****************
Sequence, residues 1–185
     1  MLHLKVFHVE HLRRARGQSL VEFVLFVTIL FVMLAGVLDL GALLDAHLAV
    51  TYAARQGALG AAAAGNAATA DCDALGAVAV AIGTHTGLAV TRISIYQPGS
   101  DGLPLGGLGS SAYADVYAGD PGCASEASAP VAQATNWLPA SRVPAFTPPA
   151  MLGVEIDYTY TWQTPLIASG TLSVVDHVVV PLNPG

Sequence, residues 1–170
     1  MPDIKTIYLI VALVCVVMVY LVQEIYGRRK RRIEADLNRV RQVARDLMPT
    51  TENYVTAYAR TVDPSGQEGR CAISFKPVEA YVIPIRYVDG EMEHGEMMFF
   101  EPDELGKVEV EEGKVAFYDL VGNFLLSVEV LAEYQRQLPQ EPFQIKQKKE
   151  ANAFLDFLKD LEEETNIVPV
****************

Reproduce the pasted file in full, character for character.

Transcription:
Sequence, residues 1–185
     1  MLHLKVFHVE HLRRARGQSL VEFVLFVTIL FVMLAGVLDL GALLDAHLAV
    51  TYAARQGALG AAAAGNAATA DCDALGAVAV AIGTHTGLAV TRISIYQPGS
   101  DGLPLGGLGS SAYADVYAGD PGCASEASAP VAQATNWLPA SRVPAFTPPA
   151  MLGVEIDYTY TWQTPLIASG TLSVVDHVVV PLNPG

Sequence, residues 1–170
     1  MPDIKTIYLI VALVCVVMVY LVQEIYGRRK RRIEADLNRV RQVARDLMPT
    51  TENYVTAYAR TVDPSGQEGR CAISFKPVEA YVIPIRYVDG EMEHGEMMFF
   101  EPDELGKVEV EEGKVAFYDL VGNFLLSVEV LAEYQRQLPQ EPFQIKQKKE
   151  ANAFLDFLKD LEEETNIVPV